Mini Teaser: Charles Krauthammer, Mark Brzezinski, Pater Lavelle, Jay Loo, Moshe Zvi Marvit and Fred Siegel.

by Author(s): Charles KrauthammerMark BrzezinskiPeter LavelleJay LooMoshe Zvi MarvitFred Siegel

Krauthammer Responds

In his letter to the editor (Winter 2004/05), Francis Fukuyama repeats his contention that my advocacy of a muscular foreign policy-what he calls the "testicular route to hearts and minds"-derives from a peculiarly neoconservative identification with "Israel's experience dealing with the Arabs." He cites nothing to support this connection. He simply asserts it. 

This assertion is not just unsupported. It is wrong. Israel's experience is neither definitive nor particularly instructive. Having pursued both hard- and soft-line policies in dealing with its Arab enemies, Israel can hardly be a model for anyone-57 years of pursuing these policies have left it mired in conflict and subject to more terrorism than any country on earth.

My approach to Islamism is identical to the muscular approach I consistently advocated against our previous global challenge, Soviet communism. From opposing the nuclear freeze to advocating U.S. support for anti-Communist insurgencies in Nicaragua and Afghanistan and around the world, my views on muscularity in confronting existential enemies have not changed. Given that history has demonstrated, definitively and with rare clarity, the wisdom and success of precisely this approach in our last existential struggle, it is entirely logical that I would apply it to the current one. What has any of this to do with Israel? 

Does Fukuyama's attribution to me and to other neoconservatives of excessive and inappropriate identity with Israel amount to anti-Semitism? Fukuyama challenges me to answer the question. My answer is: I don't know and I don't care. I don't care what people feel. I care what they say. After speculating about my motives, he invites me to speculate about his. I decline. I do foreign policy, not psychiatry.

Fukuyama opens his letter by saying that he really does not want to do any more "extended exegesis of Krauthammer's writings" and is carrying on his argument only to defend himself on the issue of his Judaizing neoconservatism. But he cannot resist closing his letter with: "Charles Krauthammer joins the Bush Administration in doggedly defending everything that has been said and done in U.S. foreign policy over the past three years."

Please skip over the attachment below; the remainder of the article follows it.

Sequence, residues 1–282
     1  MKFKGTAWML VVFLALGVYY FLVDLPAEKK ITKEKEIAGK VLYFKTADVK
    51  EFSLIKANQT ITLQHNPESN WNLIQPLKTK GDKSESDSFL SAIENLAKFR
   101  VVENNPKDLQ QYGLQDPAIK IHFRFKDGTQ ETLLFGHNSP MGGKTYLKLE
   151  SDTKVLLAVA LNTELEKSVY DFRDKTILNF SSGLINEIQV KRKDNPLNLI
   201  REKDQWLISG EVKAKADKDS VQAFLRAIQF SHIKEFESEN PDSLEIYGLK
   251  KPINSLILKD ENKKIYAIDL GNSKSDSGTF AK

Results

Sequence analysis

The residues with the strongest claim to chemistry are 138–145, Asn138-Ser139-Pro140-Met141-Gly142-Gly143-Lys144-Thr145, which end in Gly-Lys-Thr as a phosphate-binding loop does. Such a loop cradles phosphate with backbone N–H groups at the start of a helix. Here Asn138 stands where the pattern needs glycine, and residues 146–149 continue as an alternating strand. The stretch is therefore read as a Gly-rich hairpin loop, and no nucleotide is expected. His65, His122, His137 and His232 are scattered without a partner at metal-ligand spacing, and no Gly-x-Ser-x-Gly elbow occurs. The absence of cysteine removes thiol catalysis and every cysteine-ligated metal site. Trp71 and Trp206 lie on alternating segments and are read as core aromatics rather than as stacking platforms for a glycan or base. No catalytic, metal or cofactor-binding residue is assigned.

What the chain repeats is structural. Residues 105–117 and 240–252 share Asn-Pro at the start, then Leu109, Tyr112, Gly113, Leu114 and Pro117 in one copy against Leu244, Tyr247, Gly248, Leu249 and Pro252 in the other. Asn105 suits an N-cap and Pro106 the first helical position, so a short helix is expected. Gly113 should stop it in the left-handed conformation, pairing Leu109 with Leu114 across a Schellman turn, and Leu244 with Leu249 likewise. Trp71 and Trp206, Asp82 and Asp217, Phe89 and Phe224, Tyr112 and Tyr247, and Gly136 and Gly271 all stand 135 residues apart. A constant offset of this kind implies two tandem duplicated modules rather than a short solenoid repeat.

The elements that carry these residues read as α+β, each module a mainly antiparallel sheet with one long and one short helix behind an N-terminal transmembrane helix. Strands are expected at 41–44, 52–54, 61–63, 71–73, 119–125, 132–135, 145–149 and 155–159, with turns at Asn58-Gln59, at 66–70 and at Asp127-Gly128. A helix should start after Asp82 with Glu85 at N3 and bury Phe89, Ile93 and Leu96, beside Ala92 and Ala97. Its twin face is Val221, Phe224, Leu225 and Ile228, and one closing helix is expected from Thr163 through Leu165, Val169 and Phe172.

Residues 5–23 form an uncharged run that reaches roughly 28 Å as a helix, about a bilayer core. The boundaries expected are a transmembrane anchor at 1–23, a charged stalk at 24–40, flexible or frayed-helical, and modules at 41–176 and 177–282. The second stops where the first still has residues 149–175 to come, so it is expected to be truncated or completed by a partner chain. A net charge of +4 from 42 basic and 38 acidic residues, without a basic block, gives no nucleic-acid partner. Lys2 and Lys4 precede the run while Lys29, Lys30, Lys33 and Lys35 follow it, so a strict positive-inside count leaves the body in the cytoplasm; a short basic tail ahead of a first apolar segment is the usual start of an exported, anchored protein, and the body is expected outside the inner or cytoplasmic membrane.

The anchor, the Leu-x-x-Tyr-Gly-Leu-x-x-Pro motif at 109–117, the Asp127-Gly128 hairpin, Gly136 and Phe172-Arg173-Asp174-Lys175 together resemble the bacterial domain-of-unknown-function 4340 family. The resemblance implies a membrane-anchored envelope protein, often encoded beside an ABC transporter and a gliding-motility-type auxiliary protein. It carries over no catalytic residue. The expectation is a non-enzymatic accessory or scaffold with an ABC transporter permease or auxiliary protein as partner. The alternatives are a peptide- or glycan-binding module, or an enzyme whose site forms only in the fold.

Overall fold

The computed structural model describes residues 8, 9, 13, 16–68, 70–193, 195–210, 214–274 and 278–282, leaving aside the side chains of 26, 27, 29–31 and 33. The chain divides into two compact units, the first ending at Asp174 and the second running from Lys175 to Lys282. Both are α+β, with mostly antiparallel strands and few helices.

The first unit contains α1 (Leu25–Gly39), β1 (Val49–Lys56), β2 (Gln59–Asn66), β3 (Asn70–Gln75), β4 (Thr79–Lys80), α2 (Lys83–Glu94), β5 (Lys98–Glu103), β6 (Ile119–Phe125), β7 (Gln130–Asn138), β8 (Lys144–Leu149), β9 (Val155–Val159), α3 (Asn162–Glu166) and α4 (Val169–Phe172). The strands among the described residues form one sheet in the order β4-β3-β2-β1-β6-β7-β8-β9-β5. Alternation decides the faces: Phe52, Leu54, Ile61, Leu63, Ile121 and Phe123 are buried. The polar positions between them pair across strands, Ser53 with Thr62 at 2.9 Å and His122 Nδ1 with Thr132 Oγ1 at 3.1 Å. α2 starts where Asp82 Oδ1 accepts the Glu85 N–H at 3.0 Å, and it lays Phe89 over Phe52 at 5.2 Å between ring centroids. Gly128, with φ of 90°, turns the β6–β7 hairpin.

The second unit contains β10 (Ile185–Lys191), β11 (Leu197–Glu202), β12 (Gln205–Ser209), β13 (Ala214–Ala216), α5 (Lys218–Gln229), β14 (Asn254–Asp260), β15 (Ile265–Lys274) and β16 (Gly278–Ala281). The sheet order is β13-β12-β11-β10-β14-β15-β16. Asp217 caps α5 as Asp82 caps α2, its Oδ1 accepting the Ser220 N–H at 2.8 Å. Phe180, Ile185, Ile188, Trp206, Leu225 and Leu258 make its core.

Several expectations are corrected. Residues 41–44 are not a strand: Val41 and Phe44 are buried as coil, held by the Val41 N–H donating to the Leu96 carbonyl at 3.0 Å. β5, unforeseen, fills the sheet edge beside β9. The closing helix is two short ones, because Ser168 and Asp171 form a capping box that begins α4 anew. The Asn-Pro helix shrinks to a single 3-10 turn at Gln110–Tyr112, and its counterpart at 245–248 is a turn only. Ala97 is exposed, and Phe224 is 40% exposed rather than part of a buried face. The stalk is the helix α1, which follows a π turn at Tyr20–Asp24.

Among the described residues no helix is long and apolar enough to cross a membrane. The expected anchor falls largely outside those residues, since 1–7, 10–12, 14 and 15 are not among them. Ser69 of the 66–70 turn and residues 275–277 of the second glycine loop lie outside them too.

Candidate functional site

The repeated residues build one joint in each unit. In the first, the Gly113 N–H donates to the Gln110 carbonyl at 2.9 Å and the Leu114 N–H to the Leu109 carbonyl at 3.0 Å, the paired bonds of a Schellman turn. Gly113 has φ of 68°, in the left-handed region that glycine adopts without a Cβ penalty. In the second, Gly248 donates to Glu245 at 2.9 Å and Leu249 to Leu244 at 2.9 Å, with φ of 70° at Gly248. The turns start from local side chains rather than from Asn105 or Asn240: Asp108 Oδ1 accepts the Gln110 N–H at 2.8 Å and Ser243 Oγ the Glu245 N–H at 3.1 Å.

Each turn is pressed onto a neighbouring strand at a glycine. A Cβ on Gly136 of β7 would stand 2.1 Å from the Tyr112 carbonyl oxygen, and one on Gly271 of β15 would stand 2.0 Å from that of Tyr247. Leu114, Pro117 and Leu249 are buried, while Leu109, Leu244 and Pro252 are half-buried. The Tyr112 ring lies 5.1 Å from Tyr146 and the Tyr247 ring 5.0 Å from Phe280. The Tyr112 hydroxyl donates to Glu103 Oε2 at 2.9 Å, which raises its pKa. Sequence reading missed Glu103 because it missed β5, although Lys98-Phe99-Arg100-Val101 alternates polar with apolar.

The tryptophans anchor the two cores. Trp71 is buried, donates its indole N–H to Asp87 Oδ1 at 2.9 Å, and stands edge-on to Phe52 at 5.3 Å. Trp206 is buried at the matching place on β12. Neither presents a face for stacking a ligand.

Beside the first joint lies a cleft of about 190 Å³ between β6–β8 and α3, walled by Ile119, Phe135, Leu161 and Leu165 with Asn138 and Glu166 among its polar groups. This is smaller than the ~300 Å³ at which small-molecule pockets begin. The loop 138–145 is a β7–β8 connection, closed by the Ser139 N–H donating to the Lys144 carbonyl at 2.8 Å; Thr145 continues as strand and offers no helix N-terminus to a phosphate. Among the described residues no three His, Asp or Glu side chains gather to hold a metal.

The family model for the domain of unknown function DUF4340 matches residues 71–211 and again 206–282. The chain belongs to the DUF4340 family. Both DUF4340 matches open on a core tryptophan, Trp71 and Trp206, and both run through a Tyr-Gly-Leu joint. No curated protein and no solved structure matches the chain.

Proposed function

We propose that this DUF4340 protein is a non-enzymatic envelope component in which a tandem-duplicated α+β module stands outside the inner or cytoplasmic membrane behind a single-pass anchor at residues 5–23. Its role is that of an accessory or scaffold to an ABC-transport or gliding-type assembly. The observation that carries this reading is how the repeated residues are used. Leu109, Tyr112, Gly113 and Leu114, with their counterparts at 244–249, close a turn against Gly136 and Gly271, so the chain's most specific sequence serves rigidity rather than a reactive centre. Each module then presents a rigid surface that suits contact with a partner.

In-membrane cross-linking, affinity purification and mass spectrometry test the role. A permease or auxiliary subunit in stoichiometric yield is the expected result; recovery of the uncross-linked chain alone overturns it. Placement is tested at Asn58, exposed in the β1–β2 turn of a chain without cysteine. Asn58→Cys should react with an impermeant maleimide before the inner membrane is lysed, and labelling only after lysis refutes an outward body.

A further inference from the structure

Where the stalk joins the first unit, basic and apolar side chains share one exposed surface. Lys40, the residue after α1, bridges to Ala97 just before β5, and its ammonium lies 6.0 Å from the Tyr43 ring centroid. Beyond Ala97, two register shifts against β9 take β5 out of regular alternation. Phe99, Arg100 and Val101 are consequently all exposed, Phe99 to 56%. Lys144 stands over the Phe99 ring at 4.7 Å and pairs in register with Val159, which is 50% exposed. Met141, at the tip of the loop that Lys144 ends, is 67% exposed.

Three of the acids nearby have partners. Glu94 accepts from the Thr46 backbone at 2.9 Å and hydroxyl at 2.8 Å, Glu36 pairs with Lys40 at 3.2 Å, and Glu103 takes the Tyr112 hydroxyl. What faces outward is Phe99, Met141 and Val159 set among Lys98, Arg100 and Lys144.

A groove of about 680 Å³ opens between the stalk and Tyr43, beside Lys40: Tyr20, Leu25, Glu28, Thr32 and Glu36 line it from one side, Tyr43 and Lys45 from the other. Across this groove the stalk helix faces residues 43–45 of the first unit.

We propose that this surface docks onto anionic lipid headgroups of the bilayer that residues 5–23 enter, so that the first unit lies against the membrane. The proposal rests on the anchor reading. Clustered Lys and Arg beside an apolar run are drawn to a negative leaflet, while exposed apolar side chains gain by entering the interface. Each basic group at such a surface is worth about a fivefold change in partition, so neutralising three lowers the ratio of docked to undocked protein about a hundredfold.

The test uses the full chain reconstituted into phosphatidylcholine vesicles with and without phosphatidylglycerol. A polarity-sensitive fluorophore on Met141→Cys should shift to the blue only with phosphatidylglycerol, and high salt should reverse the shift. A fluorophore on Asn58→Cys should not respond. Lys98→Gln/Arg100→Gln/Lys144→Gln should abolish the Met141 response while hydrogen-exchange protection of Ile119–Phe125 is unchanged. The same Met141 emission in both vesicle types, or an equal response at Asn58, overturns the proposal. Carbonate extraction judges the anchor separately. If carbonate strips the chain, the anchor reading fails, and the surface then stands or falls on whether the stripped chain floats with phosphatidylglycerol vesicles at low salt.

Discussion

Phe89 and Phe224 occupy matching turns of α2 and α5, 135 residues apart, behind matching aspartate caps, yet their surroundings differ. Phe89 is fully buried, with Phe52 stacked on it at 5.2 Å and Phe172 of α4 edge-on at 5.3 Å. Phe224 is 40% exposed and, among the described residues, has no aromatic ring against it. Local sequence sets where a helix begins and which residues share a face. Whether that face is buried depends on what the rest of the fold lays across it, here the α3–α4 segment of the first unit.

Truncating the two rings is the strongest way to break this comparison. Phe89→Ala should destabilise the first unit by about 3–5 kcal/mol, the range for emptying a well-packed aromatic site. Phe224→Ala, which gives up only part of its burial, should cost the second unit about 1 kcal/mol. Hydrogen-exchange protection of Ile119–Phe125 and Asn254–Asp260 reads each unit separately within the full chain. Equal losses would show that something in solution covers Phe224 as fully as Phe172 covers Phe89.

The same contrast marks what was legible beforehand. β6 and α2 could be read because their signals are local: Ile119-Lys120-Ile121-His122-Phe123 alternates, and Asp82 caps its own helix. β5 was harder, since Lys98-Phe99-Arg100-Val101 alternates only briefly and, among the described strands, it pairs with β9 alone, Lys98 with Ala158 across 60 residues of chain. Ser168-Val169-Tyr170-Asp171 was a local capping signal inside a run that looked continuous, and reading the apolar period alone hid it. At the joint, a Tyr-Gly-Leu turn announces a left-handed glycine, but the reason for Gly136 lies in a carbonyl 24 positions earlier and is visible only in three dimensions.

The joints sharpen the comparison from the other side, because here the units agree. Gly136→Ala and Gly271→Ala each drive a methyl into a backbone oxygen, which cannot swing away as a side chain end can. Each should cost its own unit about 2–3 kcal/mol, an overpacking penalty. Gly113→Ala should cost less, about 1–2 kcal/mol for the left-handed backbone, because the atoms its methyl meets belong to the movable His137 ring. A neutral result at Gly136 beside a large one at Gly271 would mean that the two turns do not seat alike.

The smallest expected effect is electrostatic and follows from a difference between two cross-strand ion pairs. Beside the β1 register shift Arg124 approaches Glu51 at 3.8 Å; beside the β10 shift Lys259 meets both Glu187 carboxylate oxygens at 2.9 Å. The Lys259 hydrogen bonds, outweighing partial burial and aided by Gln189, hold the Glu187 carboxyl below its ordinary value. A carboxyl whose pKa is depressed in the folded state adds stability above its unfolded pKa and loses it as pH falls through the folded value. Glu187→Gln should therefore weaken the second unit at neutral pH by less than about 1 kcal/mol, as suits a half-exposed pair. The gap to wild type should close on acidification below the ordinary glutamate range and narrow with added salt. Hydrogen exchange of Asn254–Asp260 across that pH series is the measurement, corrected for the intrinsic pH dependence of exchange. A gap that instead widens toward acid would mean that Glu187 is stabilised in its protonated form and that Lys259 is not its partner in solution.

Again Fukuyama is divorced from the facts. Do I support the general thrust of this administration's foreign policy? Of course I do. It can hardly be otherwise: The policies it has carried out reflect the pre-emptive, unilateralist form of democratic realism that I had been advocating for over a decade-long before this administration even came into being. Where I have found fault with the administration has been in its radically universalist rhetoric and ambitions (a major theme of my AEI speech) and in its often hesitant execution of particular policies, beginning with its initial response to 9/11. 

Fukuyama's charge against me is little more than an unsubtle way of positioning himself. He is saying: Unlike other neoconservatives who blindly defend Bush, here I am, the brave neoconservative dissenter, courageously speaking out against the Iraq War. 

There are many ways to describe someone who joins the stampede of commentators bailing out on Iraq a year after the shooting began. Courageous is not one of them. Until things became difficult, Fukuyama had been utterly silent on Iraq. During the run-up to the war, the war itself, and the early months of occupation, he said nothing. He told the New York Times that he privately opposed the war, but kept quiet at the time. Why? Because "I figured it was going to happen anyway, and there wasn't anything I could do about it." 

Is that the criterion for declaring oneself on the great issue of the day? We all write, never knowing whether what we say is going to "do anything." But we say it nonetheless out of conviction and intellectual honesty. To sit on the sidelines when the most critical foreign policy decision of our time is being made, and then to pop up a year later to be 20th in line to attack the policy is not just pusillanimous. It is intellectual opportunism. 

I am willing to defend what I have written, both in favor of and against administration foreign policy. Is Fukuyama willing to defend his silence? 

Charles Krauthammer
Washington, DC

The Will of the People? 

In "Putin and His Enemies" (Winter 2004/05), Alexey K. Pushkov criticizes those who call for "support for reformers" in Russia, stating that such reformers are responsible for much of the corruption and other excesses during the Yeltsin era.